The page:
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SFFF Day 3 – Actually, They’re All Labyrinths

There’s a running joke in Bill Watterson’s Dave Made a Maze (2017), a film about a man who builds a massive cardboard maze (bigger inside than out) and then gets trapped within it. As Dave’s friend Gordon (Adam Busch) repeatedly points out, the maze is full of traps, making it, in fact, a labyrinth. Day 3 of the Saskatoon Fantastic Film Festival offered a disparate collection of films – a comedy recounting a slacker’s epic quest in a DIY fortress; a trippy, coming-of-age, prom night parable; a genre-mixing, science fiction blockbuster; and a dreamy descent into a housewife’s trauma and a cult’s terrifying prophecy. Each offers its own twists and turns, finding new dangers as they progress through corrugated caverns, genre conventions, and layered realities. In fact, they’re all labyrinths in their own ways.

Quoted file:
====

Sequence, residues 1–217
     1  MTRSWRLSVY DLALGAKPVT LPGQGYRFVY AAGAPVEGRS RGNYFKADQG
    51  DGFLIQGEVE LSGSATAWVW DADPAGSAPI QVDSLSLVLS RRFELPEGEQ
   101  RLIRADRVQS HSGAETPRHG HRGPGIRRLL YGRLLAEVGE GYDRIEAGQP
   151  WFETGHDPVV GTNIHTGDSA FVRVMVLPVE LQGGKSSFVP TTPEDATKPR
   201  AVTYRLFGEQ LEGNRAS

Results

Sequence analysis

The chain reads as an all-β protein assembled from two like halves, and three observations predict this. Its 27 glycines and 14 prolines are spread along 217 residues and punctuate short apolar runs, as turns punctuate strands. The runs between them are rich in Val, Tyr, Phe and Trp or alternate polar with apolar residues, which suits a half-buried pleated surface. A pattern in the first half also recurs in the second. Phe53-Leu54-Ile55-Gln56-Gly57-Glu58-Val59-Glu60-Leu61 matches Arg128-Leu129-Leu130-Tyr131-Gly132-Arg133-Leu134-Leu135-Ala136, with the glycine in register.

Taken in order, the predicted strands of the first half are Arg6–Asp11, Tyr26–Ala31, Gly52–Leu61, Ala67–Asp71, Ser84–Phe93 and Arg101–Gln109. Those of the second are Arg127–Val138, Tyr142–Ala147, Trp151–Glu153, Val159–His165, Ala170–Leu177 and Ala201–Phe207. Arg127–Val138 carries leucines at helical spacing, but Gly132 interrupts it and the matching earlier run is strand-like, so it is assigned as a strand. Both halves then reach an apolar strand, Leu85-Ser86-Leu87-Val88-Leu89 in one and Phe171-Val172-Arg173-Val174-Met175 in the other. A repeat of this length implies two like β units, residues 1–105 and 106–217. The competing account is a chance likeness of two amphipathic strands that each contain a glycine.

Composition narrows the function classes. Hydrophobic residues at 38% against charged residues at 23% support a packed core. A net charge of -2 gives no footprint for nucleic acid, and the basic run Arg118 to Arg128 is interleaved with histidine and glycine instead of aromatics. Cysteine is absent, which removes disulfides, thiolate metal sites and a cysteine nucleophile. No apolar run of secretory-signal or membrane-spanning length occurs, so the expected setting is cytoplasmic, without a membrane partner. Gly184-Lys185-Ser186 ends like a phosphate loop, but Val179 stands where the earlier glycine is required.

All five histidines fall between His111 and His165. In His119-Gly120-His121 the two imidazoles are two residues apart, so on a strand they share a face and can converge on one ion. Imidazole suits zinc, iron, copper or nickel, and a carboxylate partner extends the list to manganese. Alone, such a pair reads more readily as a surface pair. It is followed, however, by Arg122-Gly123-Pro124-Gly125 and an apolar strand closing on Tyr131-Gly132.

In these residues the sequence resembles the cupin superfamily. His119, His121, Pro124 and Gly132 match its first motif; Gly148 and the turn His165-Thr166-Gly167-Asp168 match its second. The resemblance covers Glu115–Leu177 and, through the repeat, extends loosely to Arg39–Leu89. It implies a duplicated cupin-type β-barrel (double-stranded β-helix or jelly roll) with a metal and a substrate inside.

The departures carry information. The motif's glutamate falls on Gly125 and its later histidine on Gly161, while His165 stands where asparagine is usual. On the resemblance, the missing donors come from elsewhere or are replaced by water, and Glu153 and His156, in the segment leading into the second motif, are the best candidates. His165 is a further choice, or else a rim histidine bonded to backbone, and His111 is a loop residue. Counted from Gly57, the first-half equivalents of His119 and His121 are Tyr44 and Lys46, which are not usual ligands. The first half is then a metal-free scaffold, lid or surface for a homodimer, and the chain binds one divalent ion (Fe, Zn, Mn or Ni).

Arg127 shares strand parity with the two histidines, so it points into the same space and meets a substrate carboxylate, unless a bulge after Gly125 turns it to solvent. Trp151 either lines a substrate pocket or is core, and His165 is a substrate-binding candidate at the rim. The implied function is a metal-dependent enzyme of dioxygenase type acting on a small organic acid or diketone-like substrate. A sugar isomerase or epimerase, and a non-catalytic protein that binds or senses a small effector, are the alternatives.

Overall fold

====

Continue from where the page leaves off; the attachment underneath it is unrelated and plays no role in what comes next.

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Snow-White (Dave Fleischer, 1933)

MMC! keeps our creepy October rolling with Dave Fleischer’s spook-errific animation classic, Snow-White (1933). This Betty Boop masterpiece was animated almost single-handed by Roland Crandall over six months, his reward for loyal service to Fleischer Studios. The short features an array of creepy gags and set-pieces, the highlight of which is the Mystery Cave portion where a rotoscoped Cab Calloway performs “St. James Infirmary Blues” as a ghostly Koko the Clown. I first saw Snow-White in a class on the Disney Company where the very knowledgeable professor cited the rotoscoped appearance of Cab Calloway as an introduction of realism into the film, something I never understood given the very fantastic animation applied to the phantom Koko transforms into and the almost unnatural, counter-intuitive physics of Calloway’s glides and moonwalks. Snow-White has been preserved by the National Film Registry and can be found on Blu-ray in Volume 4 of Olive Films’ Betty Boop: The Essential Collections.